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Aggregation Induced Emission of Cycloheptatrienylidene Fluorophores

  • Goal: The goal of this project is to use hypervalent iodonium alkynyl triflates to synthesize molecules that fluoresce upon aggregation. This is the group's flagship project and incorporates target synthesis, methodology development, computational chemistry, fluorescence, solid-state chemistry, and metal coordination chemistry.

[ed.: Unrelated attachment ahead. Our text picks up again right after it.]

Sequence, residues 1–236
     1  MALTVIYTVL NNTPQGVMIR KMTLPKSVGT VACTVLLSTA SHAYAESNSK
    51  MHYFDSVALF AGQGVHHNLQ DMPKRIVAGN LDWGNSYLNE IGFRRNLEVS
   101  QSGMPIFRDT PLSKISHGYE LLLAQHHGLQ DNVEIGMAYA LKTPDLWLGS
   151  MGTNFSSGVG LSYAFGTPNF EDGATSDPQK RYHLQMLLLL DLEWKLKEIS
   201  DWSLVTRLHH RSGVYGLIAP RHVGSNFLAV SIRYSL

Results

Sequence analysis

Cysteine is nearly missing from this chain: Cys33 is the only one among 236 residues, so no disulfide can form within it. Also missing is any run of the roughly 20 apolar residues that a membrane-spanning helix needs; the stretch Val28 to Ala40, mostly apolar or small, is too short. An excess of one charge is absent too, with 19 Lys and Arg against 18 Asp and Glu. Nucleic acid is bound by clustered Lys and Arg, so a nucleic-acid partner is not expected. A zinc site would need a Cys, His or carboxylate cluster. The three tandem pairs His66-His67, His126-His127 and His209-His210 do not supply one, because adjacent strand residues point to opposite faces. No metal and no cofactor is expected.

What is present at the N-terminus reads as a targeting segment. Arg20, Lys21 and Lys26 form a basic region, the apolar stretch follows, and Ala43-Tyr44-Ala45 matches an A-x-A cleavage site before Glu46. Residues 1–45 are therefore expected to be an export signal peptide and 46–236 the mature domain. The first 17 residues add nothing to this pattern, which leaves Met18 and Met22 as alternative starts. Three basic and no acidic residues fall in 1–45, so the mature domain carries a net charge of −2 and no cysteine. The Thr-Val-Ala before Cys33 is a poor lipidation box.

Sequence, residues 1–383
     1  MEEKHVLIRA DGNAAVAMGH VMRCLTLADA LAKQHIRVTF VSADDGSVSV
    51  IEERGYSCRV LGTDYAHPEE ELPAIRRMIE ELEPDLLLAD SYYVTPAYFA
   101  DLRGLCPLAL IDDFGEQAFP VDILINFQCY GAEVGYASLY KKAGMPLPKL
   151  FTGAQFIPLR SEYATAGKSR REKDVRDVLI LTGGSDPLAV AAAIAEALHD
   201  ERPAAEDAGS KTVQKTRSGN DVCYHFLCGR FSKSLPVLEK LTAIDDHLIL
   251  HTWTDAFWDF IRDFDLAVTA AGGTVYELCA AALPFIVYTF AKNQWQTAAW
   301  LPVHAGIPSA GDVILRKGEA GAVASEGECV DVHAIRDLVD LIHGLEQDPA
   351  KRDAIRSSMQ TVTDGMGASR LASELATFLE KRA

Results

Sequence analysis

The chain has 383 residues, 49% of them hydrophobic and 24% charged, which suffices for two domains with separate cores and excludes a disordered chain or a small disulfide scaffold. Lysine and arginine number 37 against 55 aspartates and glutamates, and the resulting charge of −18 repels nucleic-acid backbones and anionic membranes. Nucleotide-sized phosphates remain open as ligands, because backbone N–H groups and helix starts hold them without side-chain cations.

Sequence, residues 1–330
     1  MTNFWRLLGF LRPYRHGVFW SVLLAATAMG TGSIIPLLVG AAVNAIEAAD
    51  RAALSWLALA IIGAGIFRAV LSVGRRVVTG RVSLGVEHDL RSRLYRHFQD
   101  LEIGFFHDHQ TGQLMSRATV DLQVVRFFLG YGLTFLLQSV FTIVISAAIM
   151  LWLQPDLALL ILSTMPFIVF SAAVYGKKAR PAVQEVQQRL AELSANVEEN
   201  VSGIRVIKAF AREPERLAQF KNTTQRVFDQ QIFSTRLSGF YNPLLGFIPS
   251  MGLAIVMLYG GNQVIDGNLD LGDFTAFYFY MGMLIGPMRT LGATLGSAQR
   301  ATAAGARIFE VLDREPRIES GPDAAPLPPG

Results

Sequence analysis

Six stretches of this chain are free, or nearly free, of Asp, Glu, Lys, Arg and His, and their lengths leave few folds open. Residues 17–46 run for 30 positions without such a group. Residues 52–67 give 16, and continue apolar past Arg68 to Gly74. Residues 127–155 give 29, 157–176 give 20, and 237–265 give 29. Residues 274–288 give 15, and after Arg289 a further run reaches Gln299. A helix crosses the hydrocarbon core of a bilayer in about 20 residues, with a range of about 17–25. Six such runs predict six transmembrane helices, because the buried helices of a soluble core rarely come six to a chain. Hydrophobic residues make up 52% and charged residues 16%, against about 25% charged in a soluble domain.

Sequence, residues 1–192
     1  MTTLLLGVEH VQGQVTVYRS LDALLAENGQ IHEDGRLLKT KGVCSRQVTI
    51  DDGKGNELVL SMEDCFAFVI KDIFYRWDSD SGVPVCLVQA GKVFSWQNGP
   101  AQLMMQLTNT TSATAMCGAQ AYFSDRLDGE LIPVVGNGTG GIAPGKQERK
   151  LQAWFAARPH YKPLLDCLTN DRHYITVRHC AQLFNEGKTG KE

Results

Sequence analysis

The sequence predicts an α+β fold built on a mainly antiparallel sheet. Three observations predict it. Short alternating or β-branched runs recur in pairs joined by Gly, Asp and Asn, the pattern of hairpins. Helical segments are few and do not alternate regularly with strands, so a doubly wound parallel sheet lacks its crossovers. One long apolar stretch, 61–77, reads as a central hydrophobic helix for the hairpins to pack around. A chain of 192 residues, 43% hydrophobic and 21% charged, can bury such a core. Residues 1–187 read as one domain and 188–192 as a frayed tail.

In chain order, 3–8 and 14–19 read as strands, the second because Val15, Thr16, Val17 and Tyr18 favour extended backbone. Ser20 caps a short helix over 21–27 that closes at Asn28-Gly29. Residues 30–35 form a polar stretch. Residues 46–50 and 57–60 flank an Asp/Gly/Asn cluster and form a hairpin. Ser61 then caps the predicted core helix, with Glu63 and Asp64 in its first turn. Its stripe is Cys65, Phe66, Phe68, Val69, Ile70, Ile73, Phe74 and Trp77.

• Summary: Typically, luminescence of a fluorophore is decreased as the solution is concentrated thereby rendering many solid state applications impractical. Increasing luminescence upon concentration of a solution can occur in certain cases where there is a restriction of intramolecular rotation in the aggregate. The core structure of the molecules used to accomplish aggregation induced emission will consist of an asymmetrically substituted cycloheptatrienylidene. A new method of synthesizing cycloheptatrienylidenes from hypervalent iodonium alkynyl triflates will be developed for the purpose of exploring how different structural changes can have effects on aggregation. To induce fluorescence, metal salts will be added to the cycloheptatrienylidenes to aromatize the 7-membered ring, cause an aggregation, and produce an emission. The project will also use ab-intio calculations to probe the electronic structure of the synthesized molecules. To translate these complexes into applicable materials, the nature of the excitation will be investigated. Current theories suggest that the emission can come from a charge transfer and/or a d-d transition but this has not been investigated in the literature. A long-term goal for the project is to create non-toxic fluorophores that aggregate and “turn-on” fluorescence by using endogenous metals in the body.